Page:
In 1971 I sat in The Spingside Café with a friend drinking carafe-scorched coffee, listening to some old guys across the aisle talking: “No, it was the winter of ‘57 when the snow was that deep. I remember ‘cause I couldn’t get half my crop in.”
“Oh hell, the years are running together on me,” says the companion. “Yup,” comes the reply, “keeps going faster.”
We laugh. The following year I graduated high school and got out of that little prairie town ready to taste and touch every colour-burst minute, every fragrant-filled day.
Today I sit in Discovery Coffee talking with a new friend, not much younger than me and hear myself say, “Every year, time seems to accelerate.” My friend says, “Has the move out here helped that?” “I’m not sure, it shocks me at how quickly part of my brain gets habituated to circumstances and surroundings and shuts down—I look up and a year, a decade, has slipped by.”
What’s worse is I get mired in my likes and dislikes (which all feels perfectly pleasant) and reality goes foggy and I lose the young man who once responded to a painting, to music, like a colt to open pasture. More, I no longer respond to people without any preconceived notions of who I think they are, or what I want them to be.
I thought of this thing we did in a small group once: we gave ourselves the assignment of going through a week without pre-evaluating, prejudging anyone we met— friend, acquaintance, stranger —approaching every conversation without preconceptions of how it would go, without any thought of how we wanted it to go. It was impossible of course, but the effort was an education, and there were surprises (I had no notion that the bottle picker I routinely saw on 104th, had saved enough over the months and years, to go Europe twice).
And through this little exercise, it was this that hit home: we were developing a capacity for surprise.
Last week with my poetry cohort, one of the poets read a poem about a man from the Ivory Coast who carved chickens out of wood. Some of the lines, images, sound-scapes, were so fresh they swept me away, and the evening was somehow reanimated, held awake. And that sequence of days, you know, like power poles along a prairie highway flashing past your car, slowed down.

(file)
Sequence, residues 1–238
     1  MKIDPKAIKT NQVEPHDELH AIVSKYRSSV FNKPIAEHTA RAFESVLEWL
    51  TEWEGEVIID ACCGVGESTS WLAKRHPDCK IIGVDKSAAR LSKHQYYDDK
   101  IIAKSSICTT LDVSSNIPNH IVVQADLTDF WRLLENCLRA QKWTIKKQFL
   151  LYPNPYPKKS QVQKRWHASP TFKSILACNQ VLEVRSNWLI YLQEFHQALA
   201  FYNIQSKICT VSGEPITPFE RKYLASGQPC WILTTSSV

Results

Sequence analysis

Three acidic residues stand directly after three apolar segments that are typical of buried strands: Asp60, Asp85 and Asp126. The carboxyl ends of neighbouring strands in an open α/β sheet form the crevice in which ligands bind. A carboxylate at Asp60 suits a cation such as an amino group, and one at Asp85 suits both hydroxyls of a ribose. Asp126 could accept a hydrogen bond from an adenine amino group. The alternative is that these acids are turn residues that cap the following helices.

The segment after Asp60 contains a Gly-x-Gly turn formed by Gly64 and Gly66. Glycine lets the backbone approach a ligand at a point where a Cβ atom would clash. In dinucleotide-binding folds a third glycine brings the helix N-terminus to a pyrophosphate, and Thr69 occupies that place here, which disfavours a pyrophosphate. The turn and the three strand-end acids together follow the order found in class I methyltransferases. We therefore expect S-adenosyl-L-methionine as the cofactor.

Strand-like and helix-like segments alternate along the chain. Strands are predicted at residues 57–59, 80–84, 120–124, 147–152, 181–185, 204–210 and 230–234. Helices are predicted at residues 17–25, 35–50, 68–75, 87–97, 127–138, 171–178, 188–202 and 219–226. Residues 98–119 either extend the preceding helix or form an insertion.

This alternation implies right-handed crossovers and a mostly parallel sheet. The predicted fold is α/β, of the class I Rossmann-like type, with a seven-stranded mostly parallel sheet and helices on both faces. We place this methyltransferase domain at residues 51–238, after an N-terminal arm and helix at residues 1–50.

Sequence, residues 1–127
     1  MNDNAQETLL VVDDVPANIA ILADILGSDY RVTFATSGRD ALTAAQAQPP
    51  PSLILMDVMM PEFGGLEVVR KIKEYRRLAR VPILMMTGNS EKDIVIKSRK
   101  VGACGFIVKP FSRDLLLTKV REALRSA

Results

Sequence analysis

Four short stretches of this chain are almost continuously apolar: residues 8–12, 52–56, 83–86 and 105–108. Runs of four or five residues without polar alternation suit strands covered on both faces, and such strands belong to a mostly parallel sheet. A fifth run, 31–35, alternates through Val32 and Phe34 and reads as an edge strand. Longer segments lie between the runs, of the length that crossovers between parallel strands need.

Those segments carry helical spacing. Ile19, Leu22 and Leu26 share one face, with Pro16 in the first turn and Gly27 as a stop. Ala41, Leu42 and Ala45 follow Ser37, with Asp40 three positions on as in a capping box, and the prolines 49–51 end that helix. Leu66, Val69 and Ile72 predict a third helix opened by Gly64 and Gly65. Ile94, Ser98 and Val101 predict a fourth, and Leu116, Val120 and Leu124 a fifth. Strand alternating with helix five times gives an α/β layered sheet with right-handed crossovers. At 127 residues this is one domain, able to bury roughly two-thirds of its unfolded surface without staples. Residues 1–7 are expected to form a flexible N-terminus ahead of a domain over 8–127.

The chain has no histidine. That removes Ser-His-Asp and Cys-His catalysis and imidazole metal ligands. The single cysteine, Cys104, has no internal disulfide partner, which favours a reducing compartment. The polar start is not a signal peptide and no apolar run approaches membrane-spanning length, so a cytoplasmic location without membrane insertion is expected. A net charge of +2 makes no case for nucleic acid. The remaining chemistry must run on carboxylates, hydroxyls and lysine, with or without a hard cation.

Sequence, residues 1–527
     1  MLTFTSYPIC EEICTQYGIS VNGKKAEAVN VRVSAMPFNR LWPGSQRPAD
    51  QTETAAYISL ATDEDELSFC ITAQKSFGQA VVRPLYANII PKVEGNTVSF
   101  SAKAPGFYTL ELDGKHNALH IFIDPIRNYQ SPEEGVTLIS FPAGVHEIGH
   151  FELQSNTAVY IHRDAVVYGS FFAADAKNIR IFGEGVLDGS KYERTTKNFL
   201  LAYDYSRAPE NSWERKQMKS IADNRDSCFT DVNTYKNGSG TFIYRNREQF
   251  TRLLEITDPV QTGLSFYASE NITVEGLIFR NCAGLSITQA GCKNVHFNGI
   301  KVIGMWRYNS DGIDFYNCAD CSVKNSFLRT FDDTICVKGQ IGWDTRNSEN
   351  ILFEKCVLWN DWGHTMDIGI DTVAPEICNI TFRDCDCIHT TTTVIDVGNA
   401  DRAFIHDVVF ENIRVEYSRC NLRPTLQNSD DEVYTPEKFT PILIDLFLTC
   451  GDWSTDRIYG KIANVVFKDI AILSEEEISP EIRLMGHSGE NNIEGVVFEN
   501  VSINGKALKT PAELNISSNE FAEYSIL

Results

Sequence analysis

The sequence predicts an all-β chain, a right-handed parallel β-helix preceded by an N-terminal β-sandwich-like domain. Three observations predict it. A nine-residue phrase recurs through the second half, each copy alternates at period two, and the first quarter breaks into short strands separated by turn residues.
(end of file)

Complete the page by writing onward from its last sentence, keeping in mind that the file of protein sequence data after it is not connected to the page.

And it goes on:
We all miss parts of our lives while going about the task of living. And that’s life too. But to find ways to train the eyes, and so at least perceive the passing of those poles more clearly, that’s poetry.
Yesterday, after supper, Deb and I walked out to the breakwater. Three cruise ships were docked and Dallas Road was full of tourists. Opened-top-sight-seeing buses, pedal-powered rickshaws and horse-drawn carriages were everywhere.
We plan, we move, we travel, hope for the rich experience, hope to add to the stock of our lives, and we do. But without a capacity for surprise that goes deep enough to touch our dormant spirits, makes us see the wondrous weirdness in all things, these bucket-items can just as easily cloud our souls.
Among the tourists, a family, away from the traffic, down at the shore among the waves and rocks; their children were playing, building an inuksuk. Deb reminds me inuksuit were often used by the Inuit for navigation. When I get home I look this up, among the many navigational uses: how to avoid areas where fog is prevalent.